Re: Accessing alternate glyphs from plain text

From: William_J_G Overington (
Date: Sat Aug 14 2010 - 03:47:42 CDT

  • Next message: Peter Constable: "RE: Accessing alternate glyphs from plain text"

    Thank you for taking the time to produce the pdf and thank you also for sharing the result.
    On Thursday 12 August 2010, John H. Jenkins <> wrote:
    > You seem to be missing a couple of
    > important points here which Peter is illustrating.
    > First of all, what you want to do can be done with existing
    > technology.  There's no need to add variation selectors
    > or other mechanisms to achieve your goal.
    Well, the test would seem to be as follows regarding OpenType and a pdf.
    1. Copy the plain text from the Unicode post onto the clipboard.
    2. Paste from the clipboard into an OpenType-aware application from which a pdf can be produced.
    3. Select All on the pasted text and choose an appropriate font.
    4. Unselect the text.
    5. Produce a pdf.
    6. Display the pdf using Adobe Reader.
    7. Assess the evidence question number 1. Does the display show text using the basic glyphs for the font for all of the text except for the last character of each verse of the poem; and for the last character of each verse of the poem display an alternate ending glyph?
    8. Copy all of the text from the pdf onto the clipboard.
    9. Paste from the clipboard into a basic wordprocessing program (for example, on a PC, Microsoft WordPad) and format the text using a general TrueType font, such as, for example, Arial.
    10. Assess the evidence question number 2. Is the text of the original poem displayed in WordPad?
    Both questions need answers of yes for the combination of OpenType-aware application program and font to have done the task as required.
    It seems to me that, at the present time, a necessary condition to pass that test is that the font used is an OpenType font that has alternate ending glyphs for e, h and t and has entries in its GSUB table, the table used for storing glyph substitution rules for the font, along the following lines. (Please know that my knowledge of OpenType GSUB tables is not great, so my way of expressing the rules here may well be different from the regular way, but hopefully the ideas that I am trying to express will be clear: experts are welcome to correct my way of expressing it please.)
    e unicode_ee0f -> e_alt_end
    h unicode_ee0f -> h_alt_end
    t unicode_ee0f -> t_alt_end
    Now, I am unaware of any such OpenType font existing at the present time. It is possible that one does, because the encoding information needed to produce it has been available since Thursday when I published the poem in this mailing list.
    > Secondly, fonts are themselves works of art, and a
    > well-designed face will have a set of swashes appropriate
    > face but not necessarily another face.  Simply saying
    > "I want a swash here" isn't enough.  On a Mac, for
    > example, Hoefler Text Italic has one swash available for the
    > "t", whereas Zapfino has three, none of which are like the
    > swash Hoefler Text Italic provides, and one of which is
    > inappropriate for use at the end of a line.  Most fonts
    > won't have any, because swashes are usually seen as the
    > purview of calligraphic fonts. 
    > So what do you do?  Do you provide a variation
    > selector for every kind of swash a font designer might
    > include to make sure you get the "right" one?  Or do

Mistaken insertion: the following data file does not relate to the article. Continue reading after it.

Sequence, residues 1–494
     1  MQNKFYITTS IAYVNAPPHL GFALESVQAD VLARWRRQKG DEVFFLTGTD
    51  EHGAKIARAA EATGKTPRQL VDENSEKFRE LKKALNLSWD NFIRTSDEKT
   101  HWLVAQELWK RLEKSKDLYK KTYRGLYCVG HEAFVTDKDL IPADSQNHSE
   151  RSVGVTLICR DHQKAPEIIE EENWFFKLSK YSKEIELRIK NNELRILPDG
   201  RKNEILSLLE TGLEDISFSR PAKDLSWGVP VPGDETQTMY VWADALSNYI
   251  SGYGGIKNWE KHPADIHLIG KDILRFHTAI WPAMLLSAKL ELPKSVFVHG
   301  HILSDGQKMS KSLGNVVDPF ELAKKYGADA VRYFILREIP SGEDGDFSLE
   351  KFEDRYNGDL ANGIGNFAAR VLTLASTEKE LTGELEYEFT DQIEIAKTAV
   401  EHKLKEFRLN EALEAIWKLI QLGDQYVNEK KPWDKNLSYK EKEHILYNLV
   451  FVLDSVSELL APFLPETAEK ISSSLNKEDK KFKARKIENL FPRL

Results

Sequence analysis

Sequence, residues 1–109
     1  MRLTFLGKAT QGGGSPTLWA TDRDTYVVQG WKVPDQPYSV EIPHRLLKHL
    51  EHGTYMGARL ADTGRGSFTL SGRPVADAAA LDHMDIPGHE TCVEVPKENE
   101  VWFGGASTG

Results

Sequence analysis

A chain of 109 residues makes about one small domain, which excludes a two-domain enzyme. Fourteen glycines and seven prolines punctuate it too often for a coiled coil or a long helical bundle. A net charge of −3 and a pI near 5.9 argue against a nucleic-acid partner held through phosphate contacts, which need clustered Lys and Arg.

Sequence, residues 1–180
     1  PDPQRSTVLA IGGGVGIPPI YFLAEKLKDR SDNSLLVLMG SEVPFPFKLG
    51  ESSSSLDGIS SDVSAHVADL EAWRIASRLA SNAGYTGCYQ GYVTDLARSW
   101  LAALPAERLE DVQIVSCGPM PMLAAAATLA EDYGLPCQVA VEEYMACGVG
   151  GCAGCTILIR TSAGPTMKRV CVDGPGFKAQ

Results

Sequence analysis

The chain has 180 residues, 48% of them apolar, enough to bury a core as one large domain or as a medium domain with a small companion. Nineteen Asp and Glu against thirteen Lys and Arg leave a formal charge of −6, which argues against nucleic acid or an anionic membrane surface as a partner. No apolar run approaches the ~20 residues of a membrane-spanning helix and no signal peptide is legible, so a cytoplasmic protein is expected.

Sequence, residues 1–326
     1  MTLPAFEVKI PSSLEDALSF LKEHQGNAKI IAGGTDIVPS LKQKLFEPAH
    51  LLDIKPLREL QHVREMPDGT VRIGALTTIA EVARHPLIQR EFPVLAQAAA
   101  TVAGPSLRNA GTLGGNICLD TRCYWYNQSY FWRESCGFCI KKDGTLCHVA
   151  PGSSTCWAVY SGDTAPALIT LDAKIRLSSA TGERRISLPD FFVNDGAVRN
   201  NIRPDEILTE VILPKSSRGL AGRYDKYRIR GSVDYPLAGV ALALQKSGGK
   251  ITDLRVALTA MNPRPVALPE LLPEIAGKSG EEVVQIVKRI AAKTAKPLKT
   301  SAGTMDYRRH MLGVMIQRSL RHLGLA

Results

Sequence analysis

> you just say, "Put a swash in here, I don't care what it
    > looks like?"  Neither seems like a good idea.
    Well, neither of the choices offered is how I would proceed.
    If the idea becomes incorporated into regular Unicode there would be example glyphs. The encoding would be decided by discussion.
    Yet, to answer your question, I would probably encode several alternatives for an ending glyph. For example, again using Private Use Area codes here for correctness at the present time, U+EE0F for an an ordinary ending glyph that is about twice the width of the basic glyph and U+EE0E for an ending glyph that is about five times the width of the basic glyph (except for an m, where it would be so that it matched the other characters): in each case recommending implementation in the font with the glyph having the same advance width as the basic glyph, so that a following apostrophe could be used following the glyph, for use in Esperanto poetry.
    In order to access an alternate starting glyph, for these experiments one could use U+EE0C. This would mean that the swash capitals of an italic font could be accessed from plain text. For these experiments, if U+EE0C were used with a regular (that is, not italic) font then there would be a wrong display, unless the regular font had rules such as the following within it.
    A unicode_ee0c -> A
    However, if U+FE0C were encoded within regular Unicode for the purpose, then that would not, if I understand variations selector rules correctly, be a problem, as the U+FE0C would be treated much as if a zero width space by the application program if the font did not have a rule using it for the particular character.
    > Typography is not done with plain text. 
    > Just to illustrate *my* point, I'm adding a PDF of four of
    > the huge number of possibilities for laying out your first
    > stanza with Zapfino on a Mac.  Which one did the poet
    > intend?
    Well, what I intended was that all of the characters except for the last character of each verse, a total of three characters, would be typeset using the basic glyphs of the font and that the last character of each verse would be typeset using an alternate ending glyph. Based solely on the glyph complement pdfs that Adobe make available on the web, the Arno Pro and Arno Pro Italic fonts would both seems suitable.

    William Overington
    14 August 2010

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